Lukas was the first Erasmus friend to go, this photo was supposed to be based on the last supper. I have no idea what is happening here, but I seem to have taken the photo at the exact moment he was angrily pointing at me so that's fitting I guess.
Being abroad doesn't make me exempt from trends. I played wordle for the first time and was incredible at it... naturally.
This was an example of a craft we made with the kids for storytime. It is to go along with the book The Kissing Hand!
View out the bus window as I drove away from my last Uni Lecture! WE DID IT!
Took an EARLY train to Munich, but that meant it was quiet and I got to see the sunrise. 10/10
Another example of a story time craft. I was pretty proud of this one, and the kids' crayons were SO CUTE.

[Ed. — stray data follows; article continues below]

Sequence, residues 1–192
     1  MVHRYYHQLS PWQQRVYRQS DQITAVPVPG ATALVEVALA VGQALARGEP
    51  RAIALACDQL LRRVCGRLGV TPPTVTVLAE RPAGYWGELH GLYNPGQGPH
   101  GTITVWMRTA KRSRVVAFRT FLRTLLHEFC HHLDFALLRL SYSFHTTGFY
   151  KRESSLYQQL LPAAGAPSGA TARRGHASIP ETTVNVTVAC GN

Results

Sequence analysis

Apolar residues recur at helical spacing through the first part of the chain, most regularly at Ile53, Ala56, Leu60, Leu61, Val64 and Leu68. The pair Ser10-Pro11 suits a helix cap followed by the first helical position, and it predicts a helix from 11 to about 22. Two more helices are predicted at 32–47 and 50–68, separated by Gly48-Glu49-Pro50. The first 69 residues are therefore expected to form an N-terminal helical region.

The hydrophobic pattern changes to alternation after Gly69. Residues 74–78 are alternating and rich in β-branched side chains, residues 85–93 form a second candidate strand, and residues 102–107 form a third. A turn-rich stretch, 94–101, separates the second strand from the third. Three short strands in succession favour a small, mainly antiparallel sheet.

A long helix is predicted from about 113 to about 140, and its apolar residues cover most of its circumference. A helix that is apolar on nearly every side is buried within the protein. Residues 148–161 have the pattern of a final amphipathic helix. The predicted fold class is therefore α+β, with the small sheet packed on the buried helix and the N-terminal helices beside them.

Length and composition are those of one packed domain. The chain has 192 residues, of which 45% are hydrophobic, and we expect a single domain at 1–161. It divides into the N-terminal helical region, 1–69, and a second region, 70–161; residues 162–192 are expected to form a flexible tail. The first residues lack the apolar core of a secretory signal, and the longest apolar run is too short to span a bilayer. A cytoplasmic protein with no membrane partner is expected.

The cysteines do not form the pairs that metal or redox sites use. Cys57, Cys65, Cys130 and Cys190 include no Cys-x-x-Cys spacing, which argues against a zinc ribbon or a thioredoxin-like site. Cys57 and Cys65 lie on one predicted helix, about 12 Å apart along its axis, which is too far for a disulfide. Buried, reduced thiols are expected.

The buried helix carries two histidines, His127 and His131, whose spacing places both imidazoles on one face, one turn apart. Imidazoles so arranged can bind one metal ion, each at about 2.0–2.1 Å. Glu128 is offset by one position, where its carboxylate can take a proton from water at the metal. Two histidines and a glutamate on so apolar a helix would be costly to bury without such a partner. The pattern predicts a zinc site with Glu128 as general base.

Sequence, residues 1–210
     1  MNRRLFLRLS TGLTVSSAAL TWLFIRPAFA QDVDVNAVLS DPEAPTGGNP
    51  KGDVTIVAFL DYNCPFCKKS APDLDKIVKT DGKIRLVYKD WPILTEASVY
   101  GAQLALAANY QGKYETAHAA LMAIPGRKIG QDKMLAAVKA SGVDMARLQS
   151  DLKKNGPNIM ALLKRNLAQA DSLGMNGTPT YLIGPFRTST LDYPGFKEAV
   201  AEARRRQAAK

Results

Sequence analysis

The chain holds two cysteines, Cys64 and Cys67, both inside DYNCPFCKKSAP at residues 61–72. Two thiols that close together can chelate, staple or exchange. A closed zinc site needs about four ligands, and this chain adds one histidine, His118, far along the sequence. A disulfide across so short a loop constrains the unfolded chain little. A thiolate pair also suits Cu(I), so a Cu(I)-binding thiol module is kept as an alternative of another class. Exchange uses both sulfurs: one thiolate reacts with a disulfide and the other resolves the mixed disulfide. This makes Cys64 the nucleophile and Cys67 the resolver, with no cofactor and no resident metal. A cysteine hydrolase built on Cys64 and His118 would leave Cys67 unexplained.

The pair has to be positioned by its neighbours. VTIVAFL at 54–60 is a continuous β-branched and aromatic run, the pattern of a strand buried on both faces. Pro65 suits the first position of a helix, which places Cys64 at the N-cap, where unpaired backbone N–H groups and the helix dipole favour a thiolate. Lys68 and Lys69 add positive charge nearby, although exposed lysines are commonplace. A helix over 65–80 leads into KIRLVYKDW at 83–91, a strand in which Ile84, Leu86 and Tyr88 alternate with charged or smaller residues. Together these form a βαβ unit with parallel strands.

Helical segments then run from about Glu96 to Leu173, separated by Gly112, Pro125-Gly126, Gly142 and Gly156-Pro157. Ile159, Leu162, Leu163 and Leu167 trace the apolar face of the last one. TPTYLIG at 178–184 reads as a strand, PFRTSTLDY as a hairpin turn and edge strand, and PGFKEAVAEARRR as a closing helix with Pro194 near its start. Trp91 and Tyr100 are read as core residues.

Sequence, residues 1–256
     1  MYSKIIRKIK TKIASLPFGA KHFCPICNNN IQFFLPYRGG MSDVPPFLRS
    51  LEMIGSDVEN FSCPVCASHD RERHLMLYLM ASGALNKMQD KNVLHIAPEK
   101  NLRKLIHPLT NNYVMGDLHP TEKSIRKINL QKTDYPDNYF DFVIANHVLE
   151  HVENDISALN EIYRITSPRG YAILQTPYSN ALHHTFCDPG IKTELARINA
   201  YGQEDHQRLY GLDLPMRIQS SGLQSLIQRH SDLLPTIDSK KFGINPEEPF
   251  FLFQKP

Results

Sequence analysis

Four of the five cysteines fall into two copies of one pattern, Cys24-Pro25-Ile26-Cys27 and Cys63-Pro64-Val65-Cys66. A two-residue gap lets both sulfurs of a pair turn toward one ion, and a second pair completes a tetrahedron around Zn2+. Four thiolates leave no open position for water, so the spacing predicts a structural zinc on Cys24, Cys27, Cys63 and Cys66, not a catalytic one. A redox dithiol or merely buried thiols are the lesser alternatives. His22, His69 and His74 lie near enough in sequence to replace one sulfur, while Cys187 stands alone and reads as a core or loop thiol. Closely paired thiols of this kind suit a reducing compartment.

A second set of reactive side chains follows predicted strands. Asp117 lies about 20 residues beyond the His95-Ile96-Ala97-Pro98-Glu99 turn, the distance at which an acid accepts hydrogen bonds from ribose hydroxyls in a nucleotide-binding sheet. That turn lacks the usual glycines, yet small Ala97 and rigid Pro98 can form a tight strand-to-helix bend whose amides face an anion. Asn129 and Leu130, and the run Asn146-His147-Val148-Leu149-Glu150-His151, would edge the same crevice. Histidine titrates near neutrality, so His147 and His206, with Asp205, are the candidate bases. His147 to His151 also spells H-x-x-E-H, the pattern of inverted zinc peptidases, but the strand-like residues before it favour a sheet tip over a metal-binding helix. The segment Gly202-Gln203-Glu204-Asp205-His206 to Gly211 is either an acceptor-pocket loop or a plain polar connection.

Went to see a movie alone on a Sunday a few weeks back and had a delightful time. I think there were only 2 other people in the theater. It was called 'An Impossible Project' and was all about analog surviving in a digital world. Honestly, it was pretty cool. I'd recommend it!
Olympic Park in Munich.
And a downtown Munich stroll.
It was an amazing view but... very windy!
Like, seriously, VERY WINDY
Very important sisterly ritual: ice cream, face mask, netflix!
till next time